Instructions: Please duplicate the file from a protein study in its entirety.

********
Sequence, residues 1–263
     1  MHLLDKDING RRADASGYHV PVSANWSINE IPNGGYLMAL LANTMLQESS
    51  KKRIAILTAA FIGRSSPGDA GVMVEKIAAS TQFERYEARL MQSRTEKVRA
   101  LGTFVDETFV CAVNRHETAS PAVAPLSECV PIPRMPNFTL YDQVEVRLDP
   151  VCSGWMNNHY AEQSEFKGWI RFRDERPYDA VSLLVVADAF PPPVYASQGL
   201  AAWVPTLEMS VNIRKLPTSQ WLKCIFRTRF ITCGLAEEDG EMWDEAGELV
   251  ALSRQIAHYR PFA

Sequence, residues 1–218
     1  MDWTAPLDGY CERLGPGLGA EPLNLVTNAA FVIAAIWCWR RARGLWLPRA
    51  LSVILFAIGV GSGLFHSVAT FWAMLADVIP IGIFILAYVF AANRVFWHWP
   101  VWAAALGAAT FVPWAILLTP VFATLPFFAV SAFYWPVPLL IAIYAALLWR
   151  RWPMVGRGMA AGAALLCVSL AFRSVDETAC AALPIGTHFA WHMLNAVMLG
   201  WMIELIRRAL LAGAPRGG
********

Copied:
Sequence, residues 1–263
     1  MHLLDKDING RRADASGYHV PVSANWSINE IPNGGYLMAL LANTMLQESS
    51  KKRIAILTAA FIGRSSPGDA GVMVEKIAAS TQFERYEARL MQSRTEKVRA
   101  LGTFVDETFV CAVNRHETAS PAVAPLSECV PIPRMPNFTL YDQVEVRLDP
   151  VCSGWMNNHY AEQSEFKGWI RFRDERPYDA VSLLVVADAF PPPVYASQGL
   201  AAWVPTLEMS VNIRKLPTSQ WLKCIFRTRF ITCGLAEEDG EMWDEAGELV
   251  ALSRQIAHYR PFA

Sequence, residues 1–218
     1  MDWTAPLDGY CERLGPGLGA EPLNLVTNAA FVIAAIWCWR RARGLWLPRA
    51  LSVILFAIGV GSGLFHSVAT FWAMLADVIP IGIFILAYVF AANRVFWHWP
   101  VWAAALGAAT FVPWAILLTP VFATLPFFAV SAFYWPVPLL IAIYAALLWR
   151  RWPMVGRGMA AGAALLCVSL AFRSVDETAC AALPIGTHFA WHMLNAVMLG
   201  WMIELIRRAL LAGAPRGG